Friday, March 1, 2013

How Boss is Old-fashioned Slang?

The movie Simon Birch* has so many unforgettable lines:
  • "My balls just turned to prunes." "My balls just turned to raisins."
  • "Last year we were in the squirt league, and this year we're in the peewee." "So?" "So what do they want us to do, play baseball or urinate?"
  • "Your mother is so sexy, sometimes I forget she's someone's mother."
  • "I'm sorry!"
*You can watch the full movie here and if you haven't seen it, you should.



Despite these great quotes and many others, my buddies and I always used to love a less memorable one:
"Oh, man, this is so BOSS!" (32:18 on the clip above)
The line comes toward the beginning of the movie and has no real bearing on the plot. It's a great line, though, because it gives a terrific example of 1960s juvenile slang.
Can you imagine kids saying the word "boss" today?

This scene is indicative of the ever-changing nature of slang, a relatively obvious but often forgotten truth. With that in mind, I thought I'd swing through a few of the most important eras of American history and examine some of the slang words in use. I also imagined how people would have described me back then.

The Civil War From http://score.rims.k12.ca.us/activity/manswar/pages/slang.html:
Grab a root--have dinner
Bark juice, Tar water, Nokum stiff, Joy juice--liquor
Quick-step--diarrhea

What They'd Say About Me: FrantT had to do the quick-step after grabbing a root and having a little too much joy juice.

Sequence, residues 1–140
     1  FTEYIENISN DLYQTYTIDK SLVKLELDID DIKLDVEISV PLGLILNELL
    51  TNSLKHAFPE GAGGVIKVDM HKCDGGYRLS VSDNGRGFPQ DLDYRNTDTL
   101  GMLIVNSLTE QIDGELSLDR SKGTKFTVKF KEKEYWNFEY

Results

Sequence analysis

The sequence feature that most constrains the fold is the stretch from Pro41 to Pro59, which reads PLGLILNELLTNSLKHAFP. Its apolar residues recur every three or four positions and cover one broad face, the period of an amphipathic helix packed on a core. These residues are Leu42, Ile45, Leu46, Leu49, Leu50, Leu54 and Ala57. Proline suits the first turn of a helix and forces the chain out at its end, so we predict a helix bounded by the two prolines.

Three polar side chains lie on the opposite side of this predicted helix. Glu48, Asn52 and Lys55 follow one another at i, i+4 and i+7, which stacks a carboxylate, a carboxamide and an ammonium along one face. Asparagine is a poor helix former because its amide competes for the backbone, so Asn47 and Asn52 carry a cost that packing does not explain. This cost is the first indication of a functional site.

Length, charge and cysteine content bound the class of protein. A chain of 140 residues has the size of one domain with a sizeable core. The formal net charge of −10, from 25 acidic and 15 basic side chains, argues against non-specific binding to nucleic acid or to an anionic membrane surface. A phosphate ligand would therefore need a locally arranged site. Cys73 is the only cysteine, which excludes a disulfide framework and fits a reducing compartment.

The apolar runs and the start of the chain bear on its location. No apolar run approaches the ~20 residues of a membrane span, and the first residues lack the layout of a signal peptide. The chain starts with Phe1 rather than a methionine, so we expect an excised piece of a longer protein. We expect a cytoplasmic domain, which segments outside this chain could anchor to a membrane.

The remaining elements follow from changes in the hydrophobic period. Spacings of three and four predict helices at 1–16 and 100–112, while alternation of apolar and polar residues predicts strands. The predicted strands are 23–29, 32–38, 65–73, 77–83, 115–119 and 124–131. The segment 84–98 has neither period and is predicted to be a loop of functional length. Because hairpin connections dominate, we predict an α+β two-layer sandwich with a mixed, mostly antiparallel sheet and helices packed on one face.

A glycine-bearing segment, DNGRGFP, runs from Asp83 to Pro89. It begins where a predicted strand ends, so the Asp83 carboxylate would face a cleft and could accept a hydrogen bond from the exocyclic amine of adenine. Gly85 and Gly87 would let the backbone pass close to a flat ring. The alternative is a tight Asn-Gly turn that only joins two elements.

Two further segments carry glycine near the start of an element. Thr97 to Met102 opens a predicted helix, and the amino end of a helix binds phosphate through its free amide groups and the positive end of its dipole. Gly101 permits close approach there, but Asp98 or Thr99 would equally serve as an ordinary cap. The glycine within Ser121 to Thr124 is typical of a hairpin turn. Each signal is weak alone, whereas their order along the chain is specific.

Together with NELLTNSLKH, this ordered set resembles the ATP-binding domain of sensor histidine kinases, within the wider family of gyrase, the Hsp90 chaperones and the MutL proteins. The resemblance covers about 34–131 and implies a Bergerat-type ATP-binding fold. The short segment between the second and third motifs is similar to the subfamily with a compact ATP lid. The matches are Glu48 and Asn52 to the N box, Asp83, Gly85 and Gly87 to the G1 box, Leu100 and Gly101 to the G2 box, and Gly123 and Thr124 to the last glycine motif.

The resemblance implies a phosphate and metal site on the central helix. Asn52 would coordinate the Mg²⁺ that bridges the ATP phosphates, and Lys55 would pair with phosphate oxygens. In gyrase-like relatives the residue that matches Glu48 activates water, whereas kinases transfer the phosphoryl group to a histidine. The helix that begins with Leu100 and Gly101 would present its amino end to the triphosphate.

Mmm, Tar Water.

The Old West
From http://freepages.genealogy.rootsweb.ancestry.com/~poindexterfamily/OldWestSlang.html:
Fight like Kilkenny cats--fight like hell
Curly wolf--real tough guy, dangerous man
Bunko artist--con man
Get it in the neck--get cheated, misled, bamboozled

What They'd Say About Me: That curly wolf FranT was ready to fight like a Kilkenny cat after he got it in the neck from that lousy Bunko artist.

BONUS OLD WEST WORD:
Four-flusher--a cheat, swindler, liar.
Now I know where the guy in Home Alone 2 got the phrase "lousy, lyin', lowdown, four-flushin' carcass."

"Merry Christmas, ya filthy animal!"
 

The 19th-Century Immigration Era
From the film Gangs of New York*:
Sand--courage, gumption
Mort--a woman
Frenchified--have a venereal disease

What They'd Say About Me: FranT didn't have the sand to approach the Mort on account of he was afraid she was Frenchified.

*A quick not on Gangs of New York: I have heard and read historians complain that the film had many historical inconsistencies (e.g. the fictional scene in which navy cannons are fired on Lower Manhattan). But any movie like that must be historically untrue anyways, because we would not be able to understand any of the language from that time period. With all the different languages, accents, and slang terms, New York City must have sounded stranger than that made-up tongue Gibberish. "Whothagat dothagid othagi mothagiss?" (What did I miss?)

World War I
From http://www.wakefieldfhs.org.uk/War%20Slang.htm:
Axle grease--butter
Barker--a pistol
Bint--a young woman
C3--low-grade, worthless

What They'd Say About Me: FranT is C3 with a barker and horrible company in a trench. He'd be much better off back home, churning axle grease with the Bints.

The 1960s
From the film Simon Birch:
Boss--beyond awesome

What They'd Say About Me: FranT, this blog is so boss!

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